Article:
The rock-cut seated Buddha with arms folded across the lap in the position of meditation is shown as seated on the throne or seat ornamented with the thunderbolt (vajrasana) and the lion (sinhasana). Behind the head of the Buddha, there is a halo of low relief and higher up an ornamental arch with cusps supported by pillars from which project makara (dragon) heads. In the background are dwellings in the niches of which are seated Buddha figures. All these features are indicative of that aspect of Buddhist worship which includes the recitation of magical verses and which is known as Tantric Buddhism.

The existence of tiny patches of painted limewash on the Buddha statue would indicate that these sculptures were originally painted. The next image house is cut out of the rock and was known as the cave of spiritual knowledge. A small pillared pavilion is sited in front of the cave and the whole area is surrounded by a wall with an entrance from the southern side, thus making this cave shrine an independent monument. Visitors would note the existence a grove above the pillar capitals at the entrance to the cave, indicating that there was once a canopy fixed as a lean-to roof at this position.

On either side of the cave, the rock surface was smoothed to a slope. The work of fashioning the slope on the right side of the visitor was completed and the surface of the rock ruled and a long inscription made on it. This inscription records the convening of a Buddhist council by Parakramabahu 1and the establishment of rule for the proper conduct of monks.

Within the cave, there is a statue of the seated Buddha statue on the throne sheltered by a parasol and flanked attendant bearing flywhisks. At a higher level, there are statues of the god Brahma to the right of the Buddha and Vishnu on the left side.

Beyond the rock inscription of Parakramabahu is the standing statue with the arms placed across the chest, which was at first in an image house of its own, as indicated by the meagre remains of brickwork and the holes in the rock background. There have been two schools of thought regarding the identification of the personality represented by this statue. It was thought that here was shown Ananda, the chief disciple of the Buddha sorrowing at the death of the master. The other theory is that this statue represents the Buddha. There is much to commend both points of view. The latest theory is that the statue represents the Buddha in the second week after enlightenment.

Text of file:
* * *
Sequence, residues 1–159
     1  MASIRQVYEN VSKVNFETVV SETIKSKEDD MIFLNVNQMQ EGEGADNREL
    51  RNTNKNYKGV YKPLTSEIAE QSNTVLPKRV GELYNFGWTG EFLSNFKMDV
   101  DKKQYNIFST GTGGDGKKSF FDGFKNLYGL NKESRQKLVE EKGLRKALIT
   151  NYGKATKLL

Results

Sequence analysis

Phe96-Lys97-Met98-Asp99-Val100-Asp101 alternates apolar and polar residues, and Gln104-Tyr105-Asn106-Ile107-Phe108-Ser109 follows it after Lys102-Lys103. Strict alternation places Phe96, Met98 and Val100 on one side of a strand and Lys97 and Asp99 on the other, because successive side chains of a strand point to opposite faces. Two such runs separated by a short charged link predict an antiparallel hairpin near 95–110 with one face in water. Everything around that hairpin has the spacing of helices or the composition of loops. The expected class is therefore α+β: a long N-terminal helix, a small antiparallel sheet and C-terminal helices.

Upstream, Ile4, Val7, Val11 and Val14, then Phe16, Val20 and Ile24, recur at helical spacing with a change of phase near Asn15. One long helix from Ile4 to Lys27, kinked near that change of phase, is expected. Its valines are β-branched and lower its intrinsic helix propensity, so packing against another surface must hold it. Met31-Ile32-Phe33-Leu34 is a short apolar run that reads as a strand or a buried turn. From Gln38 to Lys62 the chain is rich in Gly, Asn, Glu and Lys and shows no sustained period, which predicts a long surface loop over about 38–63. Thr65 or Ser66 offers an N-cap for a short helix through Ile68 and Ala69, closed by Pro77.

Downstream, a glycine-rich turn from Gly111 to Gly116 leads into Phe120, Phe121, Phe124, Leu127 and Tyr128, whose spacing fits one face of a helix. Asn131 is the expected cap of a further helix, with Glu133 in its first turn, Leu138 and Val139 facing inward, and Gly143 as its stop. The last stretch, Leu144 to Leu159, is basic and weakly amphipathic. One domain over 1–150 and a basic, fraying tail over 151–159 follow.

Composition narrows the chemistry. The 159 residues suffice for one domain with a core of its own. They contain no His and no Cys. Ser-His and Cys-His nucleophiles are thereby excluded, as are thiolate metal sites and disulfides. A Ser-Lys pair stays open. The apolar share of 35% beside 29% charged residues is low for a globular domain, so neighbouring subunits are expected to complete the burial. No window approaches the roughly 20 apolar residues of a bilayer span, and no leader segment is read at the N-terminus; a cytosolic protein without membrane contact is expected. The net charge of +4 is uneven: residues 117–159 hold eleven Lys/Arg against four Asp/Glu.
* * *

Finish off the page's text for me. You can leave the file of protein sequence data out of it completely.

Beyond the standing figure Buddha statue which is in an image house with a separate entrance and two windows in addition. It may be noted that the centre of the cushion on which the head of the Buddha rest is ornamented with the face of a lion a motif found in both Buddhist and Hindu art. The left foot of the Buddha rests on the right and is slightly drawn back. The feet too rest on a cushion and the soles are ornamented with the lotus flower, one of the auspicious signs of the Buddha. Before the sanctum, there is a small vestibule and here can be seen provision for doors.


The gravel road takes the visitor further north and a footpath to the right leads the visitor to a wooded hill the slope of which is strewn with brickbats, and on the flat summit of which there stands a dagoba on rubble platform. The hill represents Demalamahaseya the largest dagoba in the island and is so named as Parakramabahu is stated to have utilized Tamil labour in the form of captured forces from his south India campaign. As the colossal dagoba was not completed a smaller dagoba was built at some later date on the summit of the hill.